If it is happening in the areas with which I am reasonably familiar, it is presumably happening in many other areas. It just adds to the work serious collectors and dealers have to undertake.

The work is generally not that difficult; I call it "elementary forensics". You start by looking at the stuff, comparing it to other material you have, setting it in context (dates, places), assessing it for probability. You don't need microscopes or carbon dating equipment. A pair of spectacles is much more useful. When it comes to covers or documents, you jeed to ask the question: how could a basic item worth X dollars get transformed into one worth X + Y dollars for a lot less than the difference between X and Y.

I will give one example. Postcard markets are full of picture postcards which at some point have had the adhesive peeled off. Collectors sometimes stick an adhesive back on - but that's easy enough to spot UNLESS a larger adhesive is chosen and you tinker around with the cancellation (or entirely refresh it). Of course, you are then making a fake.

In Russian philately, old postacrds which once had ordinary 3 kopeck stamps on them now come with larger 3 kopeck Romanov stamps in their place - or even Zemstvo stamps. It's amazing what this permits, especially if the forger is knowledgeable enough to find a card with a roughly appropriate date and address. It's so convincing that you can fill pages of collector journals with such stuff.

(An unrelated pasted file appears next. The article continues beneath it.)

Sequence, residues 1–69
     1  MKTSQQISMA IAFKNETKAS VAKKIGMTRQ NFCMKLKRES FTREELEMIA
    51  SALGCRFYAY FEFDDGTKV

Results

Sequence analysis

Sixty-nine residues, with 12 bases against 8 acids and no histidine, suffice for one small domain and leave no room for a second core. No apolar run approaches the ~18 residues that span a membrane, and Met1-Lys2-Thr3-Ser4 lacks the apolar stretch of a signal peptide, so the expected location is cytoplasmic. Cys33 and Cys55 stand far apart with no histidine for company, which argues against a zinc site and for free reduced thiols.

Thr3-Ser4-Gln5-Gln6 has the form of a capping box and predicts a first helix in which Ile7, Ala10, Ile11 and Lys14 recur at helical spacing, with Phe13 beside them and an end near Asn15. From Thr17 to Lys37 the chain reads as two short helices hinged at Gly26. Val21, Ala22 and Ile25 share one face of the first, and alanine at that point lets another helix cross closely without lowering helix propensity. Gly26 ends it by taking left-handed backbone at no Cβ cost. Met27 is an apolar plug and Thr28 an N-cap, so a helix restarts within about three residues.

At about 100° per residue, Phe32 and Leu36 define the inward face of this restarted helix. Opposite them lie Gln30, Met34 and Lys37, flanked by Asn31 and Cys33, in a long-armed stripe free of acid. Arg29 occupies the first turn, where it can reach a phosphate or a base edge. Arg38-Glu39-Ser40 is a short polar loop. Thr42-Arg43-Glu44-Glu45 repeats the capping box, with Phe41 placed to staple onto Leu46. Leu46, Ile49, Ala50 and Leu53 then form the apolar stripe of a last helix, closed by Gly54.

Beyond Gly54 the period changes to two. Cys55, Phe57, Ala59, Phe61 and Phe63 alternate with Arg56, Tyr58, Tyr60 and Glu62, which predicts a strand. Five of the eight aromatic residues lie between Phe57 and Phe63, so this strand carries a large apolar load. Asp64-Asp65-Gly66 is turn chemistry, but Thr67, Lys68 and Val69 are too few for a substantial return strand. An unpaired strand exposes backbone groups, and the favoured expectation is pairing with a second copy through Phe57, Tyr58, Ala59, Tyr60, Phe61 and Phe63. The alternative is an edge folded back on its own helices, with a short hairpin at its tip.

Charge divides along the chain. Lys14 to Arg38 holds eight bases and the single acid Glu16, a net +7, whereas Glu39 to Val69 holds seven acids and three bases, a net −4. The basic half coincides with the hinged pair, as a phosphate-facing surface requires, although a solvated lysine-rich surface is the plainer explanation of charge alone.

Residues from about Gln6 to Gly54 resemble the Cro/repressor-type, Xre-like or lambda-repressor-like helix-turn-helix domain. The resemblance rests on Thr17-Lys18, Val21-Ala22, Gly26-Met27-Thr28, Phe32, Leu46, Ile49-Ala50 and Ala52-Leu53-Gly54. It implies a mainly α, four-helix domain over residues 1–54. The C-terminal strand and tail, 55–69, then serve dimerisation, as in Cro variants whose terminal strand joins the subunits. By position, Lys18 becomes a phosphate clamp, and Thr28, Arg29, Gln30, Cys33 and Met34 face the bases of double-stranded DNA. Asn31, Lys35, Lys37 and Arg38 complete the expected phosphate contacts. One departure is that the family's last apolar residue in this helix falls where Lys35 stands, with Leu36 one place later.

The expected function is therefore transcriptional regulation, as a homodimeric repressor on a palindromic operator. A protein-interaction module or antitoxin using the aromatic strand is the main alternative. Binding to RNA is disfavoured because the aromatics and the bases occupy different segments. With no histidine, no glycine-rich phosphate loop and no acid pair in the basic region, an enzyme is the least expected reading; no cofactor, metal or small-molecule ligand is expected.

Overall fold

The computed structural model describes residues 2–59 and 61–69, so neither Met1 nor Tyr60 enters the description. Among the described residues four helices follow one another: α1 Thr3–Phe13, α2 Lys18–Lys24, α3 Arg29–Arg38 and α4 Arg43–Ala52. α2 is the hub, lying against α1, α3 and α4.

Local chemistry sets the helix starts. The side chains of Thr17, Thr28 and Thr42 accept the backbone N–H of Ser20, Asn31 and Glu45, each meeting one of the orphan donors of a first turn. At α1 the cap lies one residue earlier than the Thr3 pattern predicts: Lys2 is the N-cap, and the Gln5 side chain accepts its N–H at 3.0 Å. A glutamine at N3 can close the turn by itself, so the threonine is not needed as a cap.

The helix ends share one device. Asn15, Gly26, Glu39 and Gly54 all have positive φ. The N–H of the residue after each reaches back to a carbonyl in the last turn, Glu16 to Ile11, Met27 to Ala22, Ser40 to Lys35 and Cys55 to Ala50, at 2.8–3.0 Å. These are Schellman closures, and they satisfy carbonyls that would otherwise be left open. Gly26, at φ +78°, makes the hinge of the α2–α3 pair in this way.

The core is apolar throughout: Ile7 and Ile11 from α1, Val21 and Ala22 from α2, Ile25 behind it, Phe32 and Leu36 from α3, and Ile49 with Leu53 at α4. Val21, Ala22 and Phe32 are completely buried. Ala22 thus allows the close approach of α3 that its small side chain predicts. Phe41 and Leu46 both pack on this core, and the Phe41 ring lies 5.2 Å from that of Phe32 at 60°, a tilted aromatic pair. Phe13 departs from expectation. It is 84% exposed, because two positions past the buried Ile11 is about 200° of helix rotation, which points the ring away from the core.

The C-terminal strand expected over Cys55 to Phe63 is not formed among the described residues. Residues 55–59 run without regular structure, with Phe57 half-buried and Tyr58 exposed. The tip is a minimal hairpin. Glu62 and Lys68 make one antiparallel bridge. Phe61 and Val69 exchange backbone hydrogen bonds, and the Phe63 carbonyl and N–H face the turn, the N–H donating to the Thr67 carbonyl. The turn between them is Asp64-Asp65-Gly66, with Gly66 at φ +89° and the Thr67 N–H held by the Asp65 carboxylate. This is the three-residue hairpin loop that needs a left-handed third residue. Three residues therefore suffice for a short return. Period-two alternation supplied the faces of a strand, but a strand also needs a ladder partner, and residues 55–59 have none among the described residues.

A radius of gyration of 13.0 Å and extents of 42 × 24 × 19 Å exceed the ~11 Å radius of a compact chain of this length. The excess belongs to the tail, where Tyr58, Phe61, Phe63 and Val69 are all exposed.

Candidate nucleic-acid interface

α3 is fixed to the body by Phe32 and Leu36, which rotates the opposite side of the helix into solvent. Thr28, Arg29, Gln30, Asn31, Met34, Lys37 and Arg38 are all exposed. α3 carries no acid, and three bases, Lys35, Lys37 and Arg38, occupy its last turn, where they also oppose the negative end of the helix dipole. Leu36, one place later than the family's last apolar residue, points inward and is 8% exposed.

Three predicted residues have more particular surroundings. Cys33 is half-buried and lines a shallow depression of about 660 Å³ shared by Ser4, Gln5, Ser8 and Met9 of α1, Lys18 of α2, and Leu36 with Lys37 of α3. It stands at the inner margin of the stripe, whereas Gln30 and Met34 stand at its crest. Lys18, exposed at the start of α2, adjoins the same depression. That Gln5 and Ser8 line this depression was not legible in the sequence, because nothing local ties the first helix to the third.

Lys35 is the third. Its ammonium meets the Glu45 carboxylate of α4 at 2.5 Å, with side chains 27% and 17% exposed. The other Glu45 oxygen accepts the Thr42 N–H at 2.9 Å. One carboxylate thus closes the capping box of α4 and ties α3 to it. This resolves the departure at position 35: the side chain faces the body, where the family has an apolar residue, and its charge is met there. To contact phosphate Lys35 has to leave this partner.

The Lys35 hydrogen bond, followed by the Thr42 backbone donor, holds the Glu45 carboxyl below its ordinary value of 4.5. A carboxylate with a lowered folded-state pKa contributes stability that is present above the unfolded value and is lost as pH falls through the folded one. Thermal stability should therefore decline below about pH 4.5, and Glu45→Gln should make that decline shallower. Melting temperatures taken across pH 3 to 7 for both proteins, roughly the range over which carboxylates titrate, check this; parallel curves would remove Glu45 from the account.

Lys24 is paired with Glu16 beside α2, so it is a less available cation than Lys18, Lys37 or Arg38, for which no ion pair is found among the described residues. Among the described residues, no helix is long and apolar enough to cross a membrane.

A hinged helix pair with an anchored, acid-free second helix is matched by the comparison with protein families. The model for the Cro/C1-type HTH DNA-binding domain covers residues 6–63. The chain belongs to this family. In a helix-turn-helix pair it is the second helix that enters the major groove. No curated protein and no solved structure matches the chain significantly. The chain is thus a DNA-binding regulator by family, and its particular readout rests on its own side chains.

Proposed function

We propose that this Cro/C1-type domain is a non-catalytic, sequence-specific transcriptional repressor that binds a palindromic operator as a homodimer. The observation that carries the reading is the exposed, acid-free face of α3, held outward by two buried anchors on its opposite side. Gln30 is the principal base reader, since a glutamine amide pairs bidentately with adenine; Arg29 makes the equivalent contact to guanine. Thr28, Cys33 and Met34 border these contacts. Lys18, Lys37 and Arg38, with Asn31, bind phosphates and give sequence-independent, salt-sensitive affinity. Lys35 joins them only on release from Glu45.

Sunday, 26 September 2010

Ukraine Provisional stamps 1992 - Assessing status

I dealt extensively in post Soviet material in the 1990s. Here are a few things that I learnt:

1. Postal supervision was weak after the collepse of the Soviet Union. You could stick anything on a letter, put it in a box and expect it to be cancelled and the letter delivered. Frankings were rarely if ever challenged and Postage Due marks are rare. I once went through a batch of ten thousand Russian commercial covers, post 1991. I picked out about a hundred franked with used stamps, CTO stamps, foreign stamps and home made stamps. The foreign stamps were amusing: it looked like the senders had raided their childhood stamp collections and picked stamps with lots of zeros, in line with Russian inflation. They were not philatelists; just hard up people wanting to send a letter to a radio station.

Why did I trawl through those 10 000 letters? I was looking for local provisionals and for postal forgeries - proper forgeries of current Russian definitive stamps. I found a few.

But the moral of my research is this: that an ordinary letter has gone through the post and the stamp on it has been cancelled proves nothing about the status of the stamp. A stamp from Upper Volta on a post - 1991 Russian cover does not oblige us to create a category "Upper Volta Used Abroad". Nor does the presence of some supposed post-1991 Provisional guarantee it as a stamp sold over the post office counter.

2. What about registered letters? Well, it is always possible to pre-frank a Registered letter and hand it over the counter. Post-1991, if the clerk did not like the stamps (maybe you had made them that morning), you could offer to pay the full franking cost in cash and even a premium on top. The clerk would then obligingly register the letter, cancel the stamps and put the envelope in the bag. Well worth doing if you were a stamp creator seeking to establish credibility for your domestic productions.